Like many horsepeople, The Riding Instructor is mourning the loss of precious post-work riding and teaching time thanks to Daylight Savings. How to manage?
From The Riding Instructor:
Hello, loyal readers.
I know, I missed a week. There’s all kinds of reasons, but the main one is that I’m in mourning. No, old Lightning didn’t finally shuffle off this mortal coil and no one perished in a tragic hoof-picking accident. What I’m mourning is…the loss of the light.
Yes, my least favorite day of the year: the end of Daylight Saving time. I know lots of people love it – they get an hour’s extra sleep, it’s not pitch dark in the morning as they leave for work – but I hate it. I’d be happy if it didn’t get light until 9 a.m. if it stayed light until 6 p.m. Because it means the end of what I love to do: riding outside.
For myself, it means that riding is either a weekend-only activity or that it involves considerable schlepping (not to mention a $15 ring fee) to get to the closest indoor. No matter how hard I try (Need help on a paper, kid? College essay due tomorrow? Too bad, I’ve got horses to ride!), I can’t get myself home from my day job before – at the earliest – 4:15…by the time I change, groom and tack up (and, of course, the horse is always plastered in mud), I have exactly three minutes of daylight left. I have friends who ride in the dark, but I’ve never quite trusted myself or my pony to execute this maneuver safely.
And as an instructor of after-school lessons, it means no more outdoor ring…you know, the one that’s big enough to jump a course in? It means we’re stuck in the indoor for the next four to five months.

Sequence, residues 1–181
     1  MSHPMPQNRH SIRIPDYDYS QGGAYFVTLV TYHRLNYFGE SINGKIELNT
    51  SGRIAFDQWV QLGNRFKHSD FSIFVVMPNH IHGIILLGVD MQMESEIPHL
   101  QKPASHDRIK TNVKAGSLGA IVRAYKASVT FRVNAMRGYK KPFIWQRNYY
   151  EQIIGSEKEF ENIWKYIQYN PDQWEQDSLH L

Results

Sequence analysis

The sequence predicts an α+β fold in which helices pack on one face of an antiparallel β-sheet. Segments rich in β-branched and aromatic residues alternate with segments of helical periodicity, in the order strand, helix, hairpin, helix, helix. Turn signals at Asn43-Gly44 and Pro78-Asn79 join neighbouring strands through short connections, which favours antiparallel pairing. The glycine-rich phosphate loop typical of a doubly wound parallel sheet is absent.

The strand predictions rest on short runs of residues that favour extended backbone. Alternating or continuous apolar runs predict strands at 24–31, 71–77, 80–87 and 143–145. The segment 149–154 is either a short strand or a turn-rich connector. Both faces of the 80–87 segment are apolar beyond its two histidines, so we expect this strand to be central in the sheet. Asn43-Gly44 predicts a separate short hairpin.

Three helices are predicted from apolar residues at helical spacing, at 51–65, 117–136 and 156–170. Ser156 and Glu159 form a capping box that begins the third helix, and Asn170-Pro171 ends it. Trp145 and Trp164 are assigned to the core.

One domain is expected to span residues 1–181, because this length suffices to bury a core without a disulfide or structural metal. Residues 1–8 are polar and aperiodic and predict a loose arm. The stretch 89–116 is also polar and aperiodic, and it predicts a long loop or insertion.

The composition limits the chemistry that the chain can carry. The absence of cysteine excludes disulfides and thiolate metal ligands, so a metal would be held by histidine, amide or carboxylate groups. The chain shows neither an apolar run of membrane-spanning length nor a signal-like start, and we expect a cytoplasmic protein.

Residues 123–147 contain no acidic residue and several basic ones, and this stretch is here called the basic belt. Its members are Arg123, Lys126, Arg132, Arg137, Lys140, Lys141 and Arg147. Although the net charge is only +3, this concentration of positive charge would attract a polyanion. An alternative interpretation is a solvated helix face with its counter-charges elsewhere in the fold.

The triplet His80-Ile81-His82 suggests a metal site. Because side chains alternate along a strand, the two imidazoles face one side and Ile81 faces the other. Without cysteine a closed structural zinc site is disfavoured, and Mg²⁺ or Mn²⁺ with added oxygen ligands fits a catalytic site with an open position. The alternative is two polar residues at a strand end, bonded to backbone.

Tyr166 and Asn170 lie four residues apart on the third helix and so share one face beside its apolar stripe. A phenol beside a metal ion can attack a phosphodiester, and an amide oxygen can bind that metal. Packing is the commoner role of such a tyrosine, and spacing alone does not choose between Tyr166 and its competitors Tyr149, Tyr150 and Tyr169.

So every year it makes me sad. But then I try to focus on what we can do, instead of what we can’t. Lessons become about new skills (Time to learn leg yield! Flying lead changes! Jump a gymnastic without stirrups; without reins; without stirrups OR reins!) or approaching old skills in new ways (we had a spirited game of mounted musical chairs the other day; my little fishie toys are coming out of summer retirement; vaulting makes its way back into the lesson curriculum). With my own horses, I incorporate some quality grooming time; all the tack gets stripped and cleaned and organized; the summer’s cobwebs and dust bunnies are forcibly removed from the barn aisle and tack room. I exit the winter months refreshed and ready for spring’s competitions and challenges.
So while the lack of outdoor time gives me a bit of seasonal affective disorder, it also gives me a chance to rest up, get on top of things, and make sure my students are just as excited about the winter work that improves their skills as they are about summer’s shows and trail rides.